A glucose meter (or glucometer) is a medical device used to determine the concentration of glucose in the blood. A small drop of blood, obtained by pricking the skin with a lancet, is placed on a disposable test strip that the meter reads and uses to calculate the blood glucose level. The two types of glucometers are electrochemical based and optical reflection based.
Electrochemical-based glucometers are the most popular type, Figure 5. Electrochemical test strips have electrodes where a precise bias voltage is applied with a digital-to-analog converter and a current proportional to the glucose in the blood is measured as a result of the electrochemical reaction on the test strip.
There can be one or more channels, and the current is usually converted to a voltage by a trans-impedance amplifier for measurement with an analog-to-digital converter. The chemical strips have to be used externally and temperature correction has to be implemented for accurate measurement.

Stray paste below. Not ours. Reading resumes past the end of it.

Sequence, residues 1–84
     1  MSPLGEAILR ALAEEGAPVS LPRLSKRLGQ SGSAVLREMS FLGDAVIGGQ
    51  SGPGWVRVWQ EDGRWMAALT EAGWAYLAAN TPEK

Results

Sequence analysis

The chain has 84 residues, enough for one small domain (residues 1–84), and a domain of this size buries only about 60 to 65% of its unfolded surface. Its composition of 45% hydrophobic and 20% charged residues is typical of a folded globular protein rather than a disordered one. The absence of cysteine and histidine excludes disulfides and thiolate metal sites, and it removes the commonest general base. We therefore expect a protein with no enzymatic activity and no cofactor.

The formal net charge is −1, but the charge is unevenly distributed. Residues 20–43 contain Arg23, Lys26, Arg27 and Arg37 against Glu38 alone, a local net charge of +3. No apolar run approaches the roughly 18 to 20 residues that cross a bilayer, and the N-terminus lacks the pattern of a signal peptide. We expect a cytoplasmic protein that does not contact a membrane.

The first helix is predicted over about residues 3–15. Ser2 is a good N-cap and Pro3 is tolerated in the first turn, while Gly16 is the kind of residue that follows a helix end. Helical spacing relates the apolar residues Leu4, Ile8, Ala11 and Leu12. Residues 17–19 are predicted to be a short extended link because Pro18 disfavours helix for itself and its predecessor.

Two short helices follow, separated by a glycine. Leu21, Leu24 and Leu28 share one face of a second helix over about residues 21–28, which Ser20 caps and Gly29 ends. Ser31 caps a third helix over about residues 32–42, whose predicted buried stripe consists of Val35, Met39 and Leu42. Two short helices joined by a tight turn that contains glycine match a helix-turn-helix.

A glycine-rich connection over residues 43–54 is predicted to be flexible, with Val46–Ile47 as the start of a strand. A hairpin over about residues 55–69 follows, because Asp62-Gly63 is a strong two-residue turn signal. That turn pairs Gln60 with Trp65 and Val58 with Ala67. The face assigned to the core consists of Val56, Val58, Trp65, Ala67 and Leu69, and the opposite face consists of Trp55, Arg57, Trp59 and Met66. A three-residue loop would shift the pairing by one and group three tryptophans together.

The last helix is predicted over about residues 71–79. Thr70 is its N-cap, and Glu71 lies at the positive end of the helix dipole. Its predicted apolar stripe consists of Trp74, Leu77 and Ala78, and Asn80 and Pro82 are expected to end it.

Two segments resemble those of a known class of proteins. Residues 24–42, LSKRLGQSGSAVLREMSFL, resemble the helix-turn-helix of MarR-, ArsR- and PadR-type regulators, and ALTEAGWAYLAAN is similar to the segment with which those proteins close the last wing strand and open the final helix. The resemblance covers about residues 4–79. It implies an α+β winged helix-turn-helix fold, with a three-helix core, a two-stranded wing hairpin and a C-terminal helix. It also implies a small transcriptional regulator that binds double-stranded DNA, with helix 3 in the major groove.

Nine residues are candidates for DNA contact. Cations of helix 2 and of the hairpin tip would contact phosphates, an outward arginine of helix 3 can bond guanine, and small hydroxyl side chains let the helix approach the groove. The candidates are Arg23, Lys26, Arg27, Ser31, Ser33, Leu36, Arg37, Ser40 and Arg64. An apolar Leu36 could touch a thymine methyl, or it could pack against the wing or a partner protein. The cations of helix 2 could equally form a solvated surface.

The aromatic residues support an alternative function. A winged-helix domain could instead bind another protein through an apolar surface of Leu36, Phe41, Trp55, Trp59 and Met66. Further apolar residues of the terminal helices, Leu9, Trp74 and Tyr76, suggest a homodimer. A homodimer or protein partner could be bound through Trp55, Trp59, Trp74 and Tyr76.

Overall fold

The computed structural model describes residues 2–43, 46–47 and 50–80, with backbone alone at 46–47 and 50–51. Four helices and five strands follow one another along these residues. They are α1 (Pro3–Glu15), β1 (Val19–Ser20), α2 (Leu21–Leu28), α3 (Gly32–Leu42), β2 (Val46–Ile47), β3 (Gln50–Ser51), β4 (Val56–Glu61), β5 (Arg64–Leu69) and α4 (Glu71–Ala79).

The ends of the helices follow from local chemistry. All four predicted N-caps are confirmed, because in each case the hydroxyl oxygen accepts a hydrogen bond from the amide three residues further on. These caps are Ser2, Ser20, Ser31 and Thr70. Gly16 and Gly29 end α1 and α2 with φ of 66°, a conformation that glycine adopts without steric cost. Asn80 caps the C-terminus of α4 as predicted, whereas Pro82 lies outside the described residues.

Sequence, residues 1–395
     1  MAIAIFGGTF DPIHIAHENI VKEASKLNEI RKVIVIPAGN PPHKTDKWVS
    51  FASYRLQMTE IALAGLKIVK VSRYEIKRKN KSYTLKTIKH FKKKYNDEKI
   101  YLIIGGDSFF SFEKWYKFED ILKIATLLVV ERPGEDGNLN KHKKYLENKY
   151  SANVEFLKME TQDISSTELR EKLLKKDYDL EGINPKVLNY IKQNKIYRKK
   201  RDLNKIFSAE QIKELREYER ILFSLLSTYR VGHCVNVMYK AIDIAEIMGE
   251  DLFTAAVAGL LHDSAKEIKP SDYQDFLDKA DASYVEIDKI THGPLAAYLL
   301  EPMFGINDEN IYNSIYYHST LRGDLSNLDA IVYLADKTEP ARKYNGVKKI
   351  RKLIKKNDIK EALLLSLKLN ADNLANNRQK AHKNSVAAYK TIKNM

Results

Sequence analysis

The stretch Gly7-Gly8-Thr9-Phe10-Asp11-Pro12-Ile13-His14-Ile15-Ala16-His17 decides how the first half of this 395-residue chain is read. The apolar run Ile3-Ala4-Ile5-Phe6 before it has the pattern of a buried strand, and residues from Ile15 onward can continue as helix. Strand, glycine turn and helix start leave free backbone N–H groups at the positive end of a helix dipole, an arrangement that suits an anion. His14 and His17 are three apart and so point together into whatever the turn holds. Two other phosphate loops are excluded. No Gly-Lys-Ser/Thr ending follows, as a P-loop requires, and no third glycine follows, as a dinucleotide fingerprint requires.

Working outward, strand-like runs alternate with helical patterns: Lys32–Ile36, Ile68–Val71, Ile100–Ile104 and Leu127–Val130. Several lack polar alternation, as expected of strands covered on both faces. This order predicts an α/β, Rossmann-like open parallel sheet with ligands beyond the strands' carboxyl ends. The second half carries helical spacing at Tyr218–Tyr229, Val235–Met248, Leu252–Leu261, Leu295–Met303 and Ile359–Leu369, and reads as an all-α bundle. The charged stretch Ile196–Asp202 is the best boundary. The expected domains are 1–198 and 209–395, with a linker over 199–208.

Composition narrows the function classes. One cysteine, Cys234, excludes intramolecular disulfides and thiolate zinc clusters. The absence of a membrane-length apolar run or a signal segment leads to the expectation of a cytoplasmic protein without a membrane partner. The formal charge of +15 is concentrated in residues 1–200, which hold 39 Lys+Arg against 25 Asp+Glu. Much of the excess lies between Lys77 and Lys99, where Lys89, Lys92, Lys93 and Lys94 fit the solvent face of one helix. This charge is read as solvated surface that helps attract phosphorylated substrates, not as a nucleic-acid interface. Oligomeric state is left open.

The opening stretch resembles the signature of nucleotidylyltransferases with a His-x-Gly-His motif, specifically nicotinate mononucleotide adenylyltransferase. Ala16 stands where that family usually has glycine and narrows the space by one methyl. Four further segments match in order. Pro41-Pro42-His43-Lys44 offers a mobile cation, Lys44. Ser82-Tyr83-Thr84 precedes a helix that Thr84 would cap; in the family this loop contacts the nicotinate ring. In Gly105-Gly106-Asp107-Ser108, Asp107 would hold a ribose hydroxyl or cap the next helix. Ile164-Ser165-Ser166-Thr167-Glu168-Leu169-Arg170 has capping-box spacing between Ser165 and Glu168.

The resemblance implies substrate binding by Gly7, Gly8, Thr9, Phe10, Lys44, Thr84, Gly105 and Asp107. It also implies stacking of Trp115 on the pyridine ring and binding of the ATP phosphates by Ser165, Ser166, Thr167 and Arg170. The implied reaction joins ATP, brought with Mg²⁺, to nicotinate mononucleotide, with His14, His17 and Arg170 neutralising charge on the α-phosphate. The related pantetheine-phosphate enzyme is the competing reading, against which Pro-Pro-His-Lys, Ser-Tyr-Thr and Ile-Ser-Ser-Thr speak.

Figure 5: Block diagram of glucose monitor
Respiratory rate is measured using a device known as a spirometer which measures the volume and speed of air that is inhaled and exhaled by the lungs. A spirometer provides a first-level diagnostic test for some pulmonary diseases.
Spirometers typically use turbine transducers or pressure sensors to measure the respiratory measurement, Figure 6. Turbine encoders measure the rate of flow based on the number of rotations which in-turn depends on the airflow rate and volume.
Figure 6: Blo